Industrial policy is much more than trade policy, involving a range of policy instruments. Recognising the variegated aspects, dimensions and tools of industrial policy is essential. Besides investment, finance, and technology, human resource development is also significant.

For instance, the Indian Institutes of Technology (IITs) were an important initiative to support its industry. However, with India’s gradual neglect of industrial policy, IITs have probably contributed more to the development of US hi-tech.

Evaluating Industrial Policy

For years, economists working on India have criticised industrial policy, usually referring to the Nehruvian experience. But rushing to such a conclusion solely referencing that experience requires cherry-picking evidence.

India’s pharmaceutical policy has been crucial to the health and well-being of its population. Affordable, often generic medicines in India have been central to its improved public health outcomes. However, unlike Western pharmaceutical transnational corporations, Indian companies have not been accused of price-gouging.

Bangladesh has since utilised its special dispensation as a least developed country (LDC) to export affordable generic medicines to many other poor countries. However, the West blocked the Indian-South African initiative to suspend patent royalties to address the COVID-19 pandemic for its duration.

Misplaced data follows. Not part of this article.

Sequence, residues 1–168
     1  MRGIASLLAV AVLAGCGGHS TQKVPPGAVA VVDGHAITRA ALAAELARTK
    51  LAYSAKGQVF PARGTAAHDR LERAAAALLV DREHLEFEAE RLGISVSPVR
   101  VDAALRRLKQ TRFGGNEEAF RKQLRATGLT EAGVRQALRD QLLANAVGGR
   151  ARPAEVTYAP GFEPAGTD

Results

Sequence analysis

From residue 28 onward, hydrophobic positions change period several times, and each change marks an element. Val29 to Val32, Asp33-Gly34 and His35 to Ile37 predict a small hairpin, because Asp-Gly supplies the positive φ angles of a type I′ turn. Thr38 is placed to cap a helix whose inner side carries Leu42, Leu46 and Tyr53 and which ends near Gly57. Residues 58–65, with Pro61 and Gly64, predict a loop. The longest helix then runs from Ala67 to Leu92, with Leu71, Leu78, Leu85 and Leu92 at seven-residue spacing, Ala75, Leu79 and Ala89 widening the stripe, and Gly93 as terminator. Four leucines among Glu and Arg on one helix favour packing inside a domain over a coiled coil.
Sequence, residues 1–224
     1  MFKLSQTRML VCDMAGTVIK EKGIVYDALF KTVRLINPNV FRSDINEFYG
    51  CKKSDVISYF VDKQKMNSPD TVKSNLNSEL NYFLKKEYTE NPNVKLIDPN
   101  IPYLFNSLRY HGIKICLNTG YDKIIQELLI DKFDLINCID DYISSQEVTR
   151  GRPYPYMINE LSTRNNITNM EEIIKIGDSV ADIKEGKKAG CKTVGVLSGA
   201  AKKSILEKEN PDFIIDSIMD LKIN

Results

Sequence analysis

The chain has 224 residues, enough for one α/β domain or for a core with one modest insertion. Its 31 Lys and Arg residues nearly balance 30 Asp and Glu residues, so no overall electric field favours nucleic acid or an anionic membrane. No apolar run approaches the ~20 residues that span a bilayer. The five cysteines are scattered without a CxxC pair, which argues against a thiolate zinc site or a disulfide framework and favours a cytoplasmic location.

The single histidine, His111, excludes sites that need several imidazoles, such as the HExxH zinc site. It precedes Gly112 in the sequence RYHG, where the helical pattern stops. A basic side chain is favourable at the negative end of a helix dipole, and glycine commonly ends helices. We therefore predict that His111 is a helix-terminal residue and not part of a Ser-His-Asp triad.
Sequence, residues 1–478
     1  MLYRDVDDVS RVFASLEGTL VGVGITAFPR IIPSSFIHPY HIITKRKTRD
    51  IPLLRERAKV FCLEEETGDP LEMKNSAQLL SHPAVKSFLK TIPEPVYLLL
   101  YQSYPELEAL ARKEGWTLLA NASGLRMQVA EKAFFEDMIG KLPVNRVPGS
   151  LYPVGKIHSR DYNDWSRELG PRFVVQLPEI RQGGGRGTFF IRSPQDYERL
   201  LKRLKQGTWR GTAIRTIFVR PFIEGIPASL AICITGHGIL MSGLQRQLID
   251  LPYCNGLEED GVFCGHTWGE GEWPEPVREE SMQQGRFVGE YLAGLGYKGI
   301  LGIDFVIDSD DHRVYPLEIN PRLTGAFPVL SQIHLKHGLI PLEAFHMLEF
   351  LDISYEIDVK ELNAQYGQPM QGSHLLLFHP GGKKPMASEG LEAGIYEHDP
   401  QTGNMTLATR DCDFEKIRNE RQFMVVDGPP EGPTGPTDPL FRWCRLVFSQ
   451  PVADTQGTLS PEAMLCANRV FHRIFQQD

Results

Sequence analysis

Effectively, the West was reneging on its 2001 agreement to the Public Health Exception to Trade-Related Industrial Property Rights (TRIPS). This compromise was needed to restart WTO processes after the African walkout from the 1999 Seattle World Trade Organization (WTO) ministerial meeting.

If not for India and Bangladesh, the costs of medicines would have been much higher, and there would be more ill health in the world today. Defining industrial policy success solely in terms of the financial profitability of investments ignores such gains.

It is, therefore, crucial to build coalitions to create the conditions for sustained and appropriate but adaptive industrial policies. These are needed to accelerate growth and structural transformation to achieve sustainable development in the face of stagnation and regression in much of the world, especially the global South.

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  1. AG

    Another early example of Western double standard was British/French intervention against 19th century Egypt industrialisation attempts, as described by Afaf Lutfi Al-Sayyid Marsot. While Champollion returned with the Stone of Rosetta as part of the Napoleon expedition, Napoleon had participated in the subjugation of a potential rival in the Mediterranean by defeating Egyptian Armed Forces.